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Simkot Rural Municipality Implements Mandatory 3-Year Tenure for Newly Appointed Teachers

News 05 Mar 2024 219 0

Simkot Rural Municipality

Simkot Rural Municipality Humla Implements Mandatory Three-Year Tenure for Newly Appointed Teachers

To combat the high turnover of educators and stabilize the teachers in Simkot Rural Municipality, Humla. Education Committee has introduced a significant policy change. Starting March 4, 2024, newly appointed teachers in the region, who have cleared the Teachers Service Commission examination, are now required to commit to a minimum of three years at their designated schools. This decision aims to ensure consistent and quality education in Humla's rural schools, which have faced challenges due to frequent requests for transfers by new teachers.

Addressing Educational Stability in Rural Areas

The chairman of Simkot Rural Municipality, Vijay Bhandari, announced that this policy was devised in response to a growing trend where teachers, shortly after being posted to their new schools, seek transfers. This practice has not only disrupted educational continuity but has also left many schools in a perpetual state of staffing uncertainty.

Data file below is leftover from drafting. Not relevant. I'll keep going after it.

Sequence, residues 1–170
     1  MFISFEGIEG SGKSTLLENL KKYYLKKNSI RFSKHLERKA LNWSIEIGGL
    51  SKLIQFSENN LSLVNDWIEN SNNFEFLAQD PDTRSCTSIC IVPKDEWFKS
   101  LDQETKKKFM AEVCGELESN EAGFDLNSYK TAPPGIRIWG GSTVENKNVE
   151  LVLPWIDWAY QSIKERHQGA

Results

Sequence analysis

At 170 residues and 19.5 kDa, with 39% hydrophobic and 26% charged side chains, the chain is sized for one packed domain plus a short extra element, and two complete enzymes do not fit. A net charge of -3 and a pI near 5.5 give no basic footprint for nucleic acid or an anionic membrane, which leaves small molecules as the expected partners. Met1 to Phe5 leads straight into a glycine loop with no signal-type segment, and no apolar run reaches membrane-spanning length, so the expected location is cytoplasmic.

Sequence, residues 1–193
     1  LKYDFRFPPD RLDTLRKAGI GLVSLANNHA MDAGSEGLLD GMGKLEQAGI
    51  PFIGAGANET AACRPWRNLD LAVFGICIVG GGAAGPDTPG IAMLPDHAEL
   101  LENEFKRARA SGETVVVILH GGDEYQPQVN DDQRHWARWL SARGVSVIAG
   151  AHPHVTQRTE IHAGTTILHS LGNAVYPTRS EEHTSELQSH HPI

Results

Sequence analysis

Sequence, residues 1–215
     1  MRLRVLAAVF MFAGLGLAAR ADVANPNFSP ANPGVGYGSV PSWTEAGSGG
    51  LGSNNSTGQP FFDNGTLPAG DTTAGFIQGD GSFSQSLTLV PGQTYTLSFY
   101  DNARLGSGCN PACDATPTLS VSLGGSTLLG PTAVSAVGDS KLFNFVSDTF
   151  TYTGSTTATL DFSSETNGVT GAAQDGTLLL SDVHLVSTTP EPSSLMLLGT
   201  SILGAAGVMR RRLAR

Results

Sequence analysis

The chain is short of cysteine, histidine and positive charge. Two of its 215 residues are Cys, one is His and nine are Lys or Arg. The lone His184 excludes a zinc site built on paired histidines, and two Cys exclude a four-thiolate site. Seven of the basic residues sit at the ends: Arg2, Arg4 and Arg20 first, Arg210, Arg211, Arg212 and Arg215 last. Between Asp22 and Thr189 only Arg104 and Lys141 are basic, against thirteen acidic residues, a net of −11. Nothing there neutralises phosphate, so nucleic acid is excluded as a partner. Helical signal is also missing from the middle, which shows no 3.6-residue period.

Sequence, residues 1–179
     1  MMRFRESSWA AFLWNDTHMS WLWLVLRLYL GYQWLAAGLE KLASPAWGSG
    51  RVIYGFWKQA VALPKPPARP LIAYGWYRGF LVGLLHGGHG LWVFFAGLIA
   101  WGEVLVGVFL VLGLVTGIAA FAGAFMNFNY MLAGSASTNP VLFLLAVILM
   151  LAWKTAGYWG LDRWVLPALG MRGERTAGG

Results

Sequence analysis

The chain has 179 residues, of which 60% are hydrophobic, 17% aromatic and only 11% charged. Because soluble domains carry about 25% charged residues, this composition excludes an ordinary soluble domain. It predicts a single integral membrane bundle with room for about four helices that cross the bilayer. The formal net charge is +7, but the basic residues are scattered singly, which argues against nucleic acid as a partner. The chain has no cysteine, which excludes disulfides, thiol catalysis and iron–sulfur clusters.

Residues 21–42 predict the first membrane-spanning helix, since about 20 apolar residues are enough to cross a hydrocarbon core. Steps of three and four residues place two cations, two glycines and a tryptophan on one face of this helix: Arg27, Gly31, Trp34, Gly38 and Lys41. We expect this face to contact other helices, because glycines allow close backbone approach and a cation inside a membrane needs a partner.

Subba Krishna Prasad Acharya, the deputy of the village education, youth, and sports branch, highlighted the necessity of this rule. He pointed out that the trend of seeking job placements in remote areas like Humla, only to request a transfer soon after, undermines the educational needs of these communities. This policy is a direct measure to curb such practices and ensure that those who commit to teaching positions in Humla are dedicated to their roles and the community's educational development.

Impact on Local Education

The introduction of this rule follows observations that newly appointed teachers often leave their positions within a few months, ranging from two to eight months, without completing their probationary period. Last year, out of the four individuals who passed the commission's examination, three returned to their home districts, leaving schools understaffed and struggling to fill vacancies.

With ten teachers having passed the commission's examination this year, including four at the master level, the education committee is optimistic that this new rule will foster a more stable and committed teaching environment. By ensuring that teachers remain in their assigned schools for at least three years, the committee believes that it can significantly improve the quality of education and reduce the rate of vacant teaching positions in Humla.

A Step Towards Sustainable Development

This policy reflects a broader effort to address educational disparities in rural and remote areas of Nepal. By implementing such measures, Humla sets an example for other regions facing similar challenges, underscoring the importance of dedicated teaching professionals in the development of quality education systems. This initiative is a critical step towards building a more stable and effective educational infrastructure in Humla, ultimately benefiting students and the community at large.

Humla

Simkot Rural Municipality

Simikot, Humla

Estd. 2017

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